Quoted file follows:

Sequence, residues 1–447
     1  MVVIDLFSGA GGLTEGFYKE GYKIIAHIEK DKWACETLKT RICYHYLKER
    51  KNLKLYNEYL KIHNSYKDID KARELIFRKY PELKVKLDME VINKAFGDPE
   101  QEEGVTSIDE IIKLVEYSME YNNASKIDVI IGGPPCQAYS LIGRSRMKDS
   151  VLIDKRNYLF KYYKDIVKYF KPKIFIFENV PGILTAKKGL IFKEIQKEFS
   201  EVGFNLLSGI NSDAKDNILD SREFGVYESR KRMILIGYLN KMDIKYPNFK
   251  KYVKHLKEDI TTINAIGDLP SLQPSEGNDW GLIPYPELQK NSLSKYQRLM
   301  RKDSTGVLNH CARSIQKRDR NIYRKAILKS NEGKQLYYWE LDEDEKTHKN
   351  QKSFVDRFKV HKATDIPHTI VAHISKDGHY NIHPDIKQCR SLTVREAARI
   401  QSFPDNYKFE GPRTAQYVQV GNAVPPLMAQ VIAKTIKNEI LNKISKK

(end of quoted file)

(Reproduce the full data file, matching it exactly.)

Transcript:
Sequence, residues 1–447
     1  MVVIDLFSGA GGLTEGFYKE GYKIIAHIEK DKWACETLKT RICYHYLKER
    51  KNLKLYNEYL KIHNSYKDID KARELIFRKY PELKVKLDME VINKAFGDPE
   101  QEEGVTSIDE IIKLVEYSME YNNASKIDVI IGGPPCQAYS LIGRSRMKDS
   151  VLIDKRNYLF KYYKDIVKYF KPKIFIFENV PGILTAKKGL IFKEIQKEFS
   201  EVGFNLLSGI NSDAKDNILD SREFGVYESR KRMILIGYLN KMDIKYPNFK
   251  KYVKHLKEDI TTINAIGDLP SLQPSEGNDW GLIPYPELQK NSLSKYQRLM
   301  RKDSTGVLNH CARSIQKRDR NIYRKAILKS NEGKQLYYWE LDEDEKTHKN
   351  QKSFVDRFKV HKATDIPHTI VAHISKDGHY NIHPDIKQCR SLTVREAARI
   401  QSFPDNYKFE GPRTAQYVQV GNAVPPLMAQ VIAKTIKNEI LNKISKK